This fall the Institute of Judicial Administration (IJA) at NYU inaugurated a historical collection of interviews memorializing the contributions and shaping influences of prominent members of the US judiciary. The project, the IJA Oral History of Distinguished American Judges, features a range of federal and state judges as well as US Supreme Court justices that include Stephen Breyer, Ruth Bader Ginsburg, Sandra Day O’Connor, Sonia Sotomayor, and John Paul Stevens.
While certain members of the US Supreme Court, such as Justice Ginsburg, receive significant media attention in their lifetimes, many justices and judges are not well known beyond the opinions they draft, says IJA faculty co-director Samuel Estreicher, Dwight D. Opperman Professor of Law. “These people have a background that is interesting, that changed their judicial philosophy and makes the American justice system work in a way that is very different from other systems. So we’re trying to capture that,” says Estreicher, who conceived of the project and was one of the interviewers of Justice Stevens.
“We have a very unusual judiciary,” Estreicher adds. “Our judges are not bureaucrats as in Europe, where they follow an academic track to judgeships. Instead, US judges often have varied careers in the law before becoming judges and they’re shaped by those diverse experiences.”
In these video interviews, the featured judges discuss their education, influences, and work, and their views of the judicial role. The principal interviewers are former clerks, often selected by the judges themselves. “These oral histories give us the opportunity to hear the subjects reflect on their own work as judges, and give their perspectives on key cases they helped decide and opinions they wrote. This provides insights you don't necessarily get just from reading the opinions themselves,” says Dean Trevor Morrison, a former Justice Ginsburg clerk who interviewed her for the project. “Hearing about a case from one of the judges or justices who decided it can cast the written decision in a new light.”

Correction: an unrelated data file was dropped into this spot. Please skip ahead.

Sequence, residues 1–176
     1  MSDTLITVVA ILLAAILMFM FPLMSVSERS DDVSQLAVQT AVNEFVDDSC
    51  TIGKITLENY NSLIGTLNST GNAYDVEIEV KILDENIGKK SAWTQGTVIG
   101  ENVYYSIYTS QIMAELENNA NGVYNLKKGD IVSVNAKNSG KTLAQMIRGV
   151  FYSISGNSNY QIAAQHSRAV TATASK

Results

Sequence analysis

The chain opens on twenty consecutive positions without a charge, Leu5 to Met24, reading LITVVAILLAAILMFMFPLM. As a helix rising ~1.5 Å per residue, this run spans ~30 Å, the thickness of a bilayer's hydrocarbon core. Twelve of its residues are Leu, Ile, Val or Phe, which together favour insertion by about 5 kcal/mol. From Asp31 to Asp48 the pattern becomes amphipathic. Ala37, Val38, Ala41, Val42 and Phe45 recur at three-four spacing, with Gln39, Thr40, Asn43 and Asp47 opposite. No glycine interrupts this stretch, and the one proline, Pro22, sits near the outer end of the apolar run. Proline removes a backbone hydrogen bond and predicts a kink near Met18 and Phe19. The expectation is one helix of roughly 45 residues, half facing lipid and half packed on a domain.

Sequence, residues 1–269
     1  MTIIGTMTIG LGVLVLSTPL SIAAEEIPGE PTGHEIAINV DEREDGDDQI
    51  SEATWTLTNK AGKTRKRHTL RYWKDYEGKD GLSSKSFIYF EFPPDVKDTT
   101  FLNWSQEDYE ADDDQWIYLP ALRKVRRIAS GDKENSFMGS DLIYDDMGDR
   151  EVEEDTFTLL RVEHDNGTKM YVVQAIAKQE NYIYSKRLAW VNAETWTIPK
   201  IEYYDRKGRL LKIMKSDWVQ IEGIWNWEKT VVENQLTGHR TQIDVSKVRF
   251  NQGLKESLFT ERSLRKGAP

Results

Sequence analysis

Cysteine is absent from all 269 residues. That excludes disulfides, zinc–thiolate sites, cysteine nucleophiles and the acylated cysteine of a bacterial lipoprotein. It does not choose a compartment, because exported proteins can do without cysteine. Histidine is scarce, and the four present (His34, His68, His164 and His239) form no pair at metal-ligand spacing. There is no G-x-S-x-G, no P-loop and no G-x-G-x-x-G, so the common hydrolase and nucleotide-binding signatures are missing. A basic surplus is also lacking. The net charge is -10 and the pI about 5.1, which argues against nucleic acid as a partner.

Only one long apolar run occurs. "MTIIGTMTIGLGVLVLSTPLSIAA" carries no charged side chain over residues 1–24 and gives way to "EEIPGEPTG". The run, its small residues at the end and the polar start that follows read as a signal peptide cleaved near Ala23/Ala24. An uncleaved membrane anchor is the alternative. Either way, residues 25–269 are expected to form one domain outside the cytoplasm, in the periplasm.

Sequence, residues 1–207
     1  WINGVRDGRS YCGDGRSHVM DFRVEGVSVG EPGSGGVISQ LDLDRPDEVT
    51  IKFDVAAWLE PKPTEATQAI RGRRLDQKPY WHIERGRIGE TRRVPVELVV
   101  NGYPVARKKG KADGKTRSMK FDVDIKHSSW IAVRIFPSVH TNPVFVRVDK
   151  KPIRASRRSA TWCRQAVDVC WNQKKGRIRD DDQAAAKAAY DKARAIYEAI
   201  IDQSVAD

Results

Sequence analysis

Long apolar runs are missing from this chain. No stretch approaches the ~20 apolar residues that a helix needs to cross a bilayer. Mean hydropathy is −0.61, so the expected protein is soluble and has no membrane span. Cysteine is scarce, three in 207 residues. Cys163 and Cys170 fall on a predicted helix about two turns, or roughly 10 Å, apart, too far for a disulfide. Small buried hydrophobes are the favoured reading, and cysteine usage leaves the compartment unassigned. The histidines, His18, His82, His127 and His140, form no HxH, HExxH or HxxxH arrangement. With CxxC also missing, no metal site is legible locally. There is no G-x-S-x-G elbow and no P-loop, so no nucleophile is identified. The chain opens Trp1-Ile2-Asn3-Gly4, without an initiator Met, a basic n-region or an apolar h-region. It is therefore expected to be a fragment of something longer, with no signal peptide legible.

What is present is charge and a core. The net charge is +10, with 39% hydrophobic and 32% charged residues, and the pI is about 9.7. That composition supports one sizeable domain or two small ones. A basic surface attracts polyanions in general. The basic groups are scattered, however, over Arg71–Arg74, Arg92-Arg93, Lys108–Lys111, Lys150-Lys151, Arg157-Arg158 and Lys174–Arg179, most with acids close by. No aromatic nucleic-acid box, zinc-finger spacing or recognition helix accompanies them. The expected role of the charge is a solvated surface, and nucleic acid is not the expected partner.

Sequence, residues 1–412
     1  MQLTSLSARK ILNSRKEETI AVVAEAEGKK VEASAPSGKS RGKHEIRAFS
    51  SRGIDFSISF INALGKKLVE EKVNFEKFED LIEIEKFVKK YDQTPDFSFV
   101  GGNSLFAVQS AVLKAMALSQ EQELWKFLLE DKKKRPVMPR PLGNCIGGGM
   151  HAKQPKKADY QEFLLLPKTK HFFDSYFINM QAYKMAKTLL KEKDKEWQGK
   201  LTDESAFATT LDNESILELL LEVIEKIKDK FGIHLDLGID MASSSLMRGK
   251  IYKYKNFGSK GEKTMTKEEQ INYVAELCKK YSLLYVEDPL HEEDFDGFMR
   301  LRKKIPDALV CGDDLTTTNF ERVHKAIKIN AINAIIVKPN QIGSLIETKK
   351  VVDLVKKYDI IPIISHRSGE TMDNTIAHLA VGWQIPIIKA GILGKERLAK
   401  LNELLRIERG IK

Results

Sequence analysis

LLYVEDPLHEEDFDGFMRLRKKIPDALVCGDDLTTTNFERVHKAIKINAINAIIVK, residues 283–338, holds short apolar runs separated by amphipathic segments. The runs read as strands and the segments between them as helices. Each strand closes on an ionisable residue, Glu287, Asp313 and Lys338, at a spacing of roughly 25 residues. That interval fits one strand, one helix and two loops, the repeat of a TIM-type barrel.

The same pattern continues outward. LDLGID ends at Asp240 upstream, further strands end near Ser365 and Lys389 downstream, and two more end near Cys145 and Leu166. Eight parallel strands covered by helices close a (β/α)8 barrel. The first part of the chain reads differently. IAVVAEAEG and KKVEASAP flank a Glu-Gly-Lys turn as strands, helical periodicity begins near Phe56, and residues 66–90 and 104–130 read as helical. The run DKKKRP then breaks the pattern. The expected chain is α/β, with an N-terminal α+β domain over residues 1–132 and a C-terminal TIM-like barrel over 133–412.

Professor of Clinical Law Nancy Morawetz ’81, who clerked for her interview subject, Judge Patricia Wald, says that while she was familiar with many aspects of Wald’s life, she learned more about Wald’s public interest background as they discussed her trailblazing career as a woman in the field of law. Wald recounted being attacked as “anti-family” and called an “instrument of the devil” during her confirmation process to become the first woman to serve as a judge on the US Court of Appeals for the District of Columbia Circuit.
“The whole question of how a woman of her generation was able to build a career in a very predominantly male environment was very interesting to me,” Morawetz says. “…My mother was of that same generation, and also had been told by graduate schools that they wouldn’t take her because she was a woman…and there were just more parallels than I was aware of that came out in that conversation.”
Judge Laurence Silberman was interviewed for the IJA oral history by his former clerk Paul Clement, who has served as US Solicitor General and is now a partner at the law firm Kirkland & Ellis. “I think he was remarkably candid in the interview and shared his perspective on some things and told some vignettes that maybe, at an earlier point in his career, he would have felt like he couldn’t have shared,” says Clement. “But I think he felt like in the context of this, for purposes of getting the whole sweep of his career down in this recording, that he was willing to share.” Among other subjects, Silberman discussed his belief in judicial restraint, the lawsuit he filed with five other judges to raise judicial pay, and his critiques of judges who take political positions.
As an interviewer for Justice Stevens, Professor Troy McKenzie ’00, faculty co-director of the IJA, says he gained new insights through their conversation. McKenzie notes he hadn’t expected Stevens to reveal a concern that his dissenting opinion as an appellate judge in Groppi v. Leslie might remove his chances of becoming a Supreme Court justice. Stevens’s dissent—which did not in fact prevent him joining the Court—asserted Groppi’s right to due process during the Nixon administration when the “law and order side of the most debates was the popular side,” said Stevens during the interview.
“I hope people—either people who are specialists in a particular area or people who are not—will walk away with an appreciation for the thought and attention that goes into the judicial process,” says McKenzie. “These oral histories will give a more complete sense of the personal and professional experiences of judges before they came to the bench”
Estreicher says that the judges’ participation and candor reflects the IJA’s tradition of positive and nonpartisan engagement with the judiciary. “Republicans, Democrats, conservatives, liberals, libertarians, they all feel comfortable with IJA because they know our reputation,” Estreicher says.
The interviews already posted are only the first in a continuing series, says Estreicher. “We are hoping that this will be a resource, not only for lawyers and legal historians, but for Americans,” he says.
Posted December 18, 2020